Melbourne student housing largest Passivhaus in Southern Hemisphere

Jackson Clement Burrows Architects has completed a highly sustainable student accommodation building, Gillies Hall, for Monash University Peninsula Campus in Frankston, Victoria, using cross-laminated timber.

Close to half of the building’s internal walls were built using cross-laminated timber, effectively halving the carbon emissions associated with construction.

GALLERY  

The building is the largest Passivhaus certified building in the southern hemisphere, which is very slowly seeing the style adopted further.

Passivhaus is an architectural classification developed by German physicists in 1991, which requires buildings to meet strict specifications of environmental sustainability and post occupancy evaluation.

Fostering community and spaces to study and socialise was one of the main focuses for the design of the building, and floor planning was developed around the model of one resident advisor per 30 students.

The project covers 6500 square metres of space, with five storeys of student housing and common areas and support accommodation at the ground level.

Sustainability features include rooftop solar panels, all-electric building services and a rainwater harvesting tank.

According to the architects, an added advantage of using timber over concrete is the atmosphere of comfort and warmth it provides. Warmth is meant only in an emotional sense though; the building is highly heat controlled and has sophisticated thermal insulation.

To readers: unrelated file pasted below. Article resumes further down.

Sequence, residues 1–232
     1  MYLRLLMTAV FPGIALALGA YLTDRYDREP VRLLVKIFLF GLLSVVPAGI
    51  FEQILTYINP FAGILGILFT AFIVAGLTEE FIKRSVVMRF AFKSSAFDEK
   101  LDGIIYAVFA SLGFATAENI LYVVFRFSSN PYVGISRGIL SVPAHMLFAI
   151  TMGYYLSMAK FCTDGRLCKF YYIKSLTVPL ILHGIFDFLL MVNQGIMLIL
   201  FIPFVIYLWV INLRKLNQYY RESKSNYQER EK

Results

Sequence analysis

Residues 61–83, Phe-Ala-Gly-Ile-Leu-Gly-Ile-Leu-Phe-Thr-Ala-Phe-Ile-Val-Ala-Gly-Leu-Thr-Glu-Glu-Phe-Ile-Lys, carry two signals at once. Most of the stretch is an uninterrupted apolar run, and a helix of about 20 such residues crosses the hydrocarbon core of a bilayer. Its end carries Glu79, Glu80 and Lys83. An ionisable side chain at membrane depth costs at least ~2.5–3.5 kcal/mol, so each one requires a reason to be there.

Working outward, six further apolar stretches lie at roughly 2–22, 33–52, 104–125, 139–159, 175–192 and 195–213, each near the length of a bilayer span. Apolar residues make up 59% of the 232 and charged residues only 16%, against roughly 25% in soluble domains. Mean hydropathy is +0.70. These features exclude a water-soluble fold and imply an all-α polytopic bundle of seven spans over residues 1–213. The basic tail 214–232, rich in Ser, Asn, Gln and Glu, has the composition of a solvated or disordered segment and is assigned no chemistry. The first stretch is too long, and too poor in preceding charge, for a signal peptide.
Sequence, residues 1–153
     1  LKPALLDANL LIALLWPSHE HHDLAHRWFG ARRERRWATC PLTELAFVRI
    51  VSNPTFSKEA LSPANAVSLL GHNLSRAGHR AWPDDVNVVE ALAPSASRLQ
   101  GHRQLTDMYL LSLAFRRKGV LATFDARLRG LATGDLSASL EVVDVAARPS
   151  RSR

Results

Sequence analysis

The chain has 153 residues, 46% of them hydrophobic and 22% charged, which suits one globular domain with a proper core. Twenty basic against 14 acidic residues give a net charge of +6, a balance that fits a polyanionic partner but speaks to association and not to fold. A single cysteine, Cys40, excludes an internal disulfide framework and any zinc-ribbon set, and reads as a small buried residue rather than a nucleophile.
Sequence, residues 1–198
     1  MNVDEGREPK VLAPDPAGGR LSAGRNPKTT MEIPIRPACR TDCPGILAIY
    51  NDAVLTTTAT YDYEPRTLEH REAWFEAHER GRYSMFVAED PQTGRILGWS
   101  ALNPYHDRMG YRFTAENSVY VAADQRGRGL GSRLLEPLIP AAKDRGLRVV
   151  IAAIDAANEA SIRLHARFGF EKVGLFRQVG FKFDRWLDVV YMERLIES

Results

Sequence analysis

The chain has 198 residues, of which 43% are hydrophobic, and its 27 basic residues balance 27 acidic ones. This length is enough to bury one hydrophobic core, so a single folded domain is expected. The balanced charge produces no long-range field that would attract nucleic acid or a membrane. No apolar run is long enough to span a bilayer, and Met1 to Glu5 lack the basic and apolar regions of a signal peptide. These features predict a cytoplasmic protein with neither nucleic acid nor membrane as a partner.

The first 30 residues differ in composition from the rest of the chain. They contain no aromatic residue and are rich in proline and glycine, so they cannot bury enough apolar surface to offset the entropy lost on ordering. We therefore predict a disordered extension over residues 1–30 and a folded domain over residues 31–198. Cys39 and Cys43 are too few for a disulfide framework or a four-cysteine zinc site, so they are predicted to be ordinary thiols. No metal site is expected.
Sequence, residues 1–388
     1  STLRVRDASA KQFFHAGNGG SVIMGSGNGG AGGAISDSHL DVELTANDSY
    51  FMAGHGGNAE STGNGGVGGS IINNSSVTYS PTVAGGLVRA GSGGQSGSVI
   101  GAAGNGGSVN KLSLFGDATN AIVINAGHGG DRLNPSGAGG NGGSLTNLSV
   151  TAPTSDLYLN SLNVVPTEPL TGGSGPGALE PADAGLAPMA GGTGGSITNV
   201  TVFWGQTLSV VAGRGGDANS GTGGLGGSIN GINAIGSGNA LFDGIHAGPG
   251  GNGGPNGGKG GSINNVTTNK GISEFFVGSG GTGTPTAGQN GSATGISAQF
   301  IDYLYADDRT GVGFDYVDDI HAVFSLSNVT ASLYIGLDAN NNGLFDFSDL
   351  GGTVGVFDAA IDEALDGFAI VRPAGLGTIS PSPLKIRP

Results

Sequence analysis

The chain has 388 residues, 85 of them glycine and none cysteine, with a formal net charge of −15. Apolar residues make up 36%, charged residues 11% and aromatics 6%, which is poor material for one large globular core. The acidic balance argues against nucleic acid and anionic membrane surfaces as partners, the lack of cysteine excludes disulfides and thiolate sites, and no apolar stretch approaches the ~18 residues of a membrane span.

Danielle Pacella, Project Architect from JCBA said, “It is hugely rewarding to see how the design decisions we made are positively contributing to the everyday life of the students living at Gillies Hall; from how the spaces are used, the way they were intended, and how the warmth of the timber makes it feel like a home.”

Another associate architect on the project previously said meeting Passive House was a real challenge under Australian conditions as it is the “opposite climate” to Europe where the standard had originated, and that energy modelling was the most challenging aspect of the project.

This was overcome with a focus on solar shading to cut heat loads while optimising design to still provide good daylight.

Since the building was opened, indoor temperatures have stayed steadily between 22°C and 24°C throughout the year.

Professor David Copolov, pro vice-chancellor (Major Campuses and Student Engagement) said the building was part of Monash University’s wider push to contribute to a sustainable future.

The university announced this year it would become 100 percent renewable by 2030, cut out gas and target Passive House for all new university buildings.

“We’re particularly proud of the interplay of pioneering design agendas that are resulting in Gillies Hall, yielding many environmental benefits and setting a new benchmark in sustainable development,” he said.

“As well as providing an outstanding quality of accommodation to its residents, Gillies Hall will be a crucial element of Monash’s expanding role in the region,” he said.

“Gillies Hall is one of the key components that underpin our goal to establish Peninsula campus as Australia’s leading centre of allied health and primary care education and research, and more broadly of Monash enhancing its status as a university of choice of domestic and international students.

“Our expansion allows for a deeper contribution to and engagement with the local community and employers in delivering substantial economic, social and cultural benefits to the region.”

The project was completed in 19 months and was opened earlier in 2019 by author and satirist Max Gillies, who was one of the first students to enrol at Frankston Teachers’ College in 1960.

Images Jackson Clement Burrows Architects






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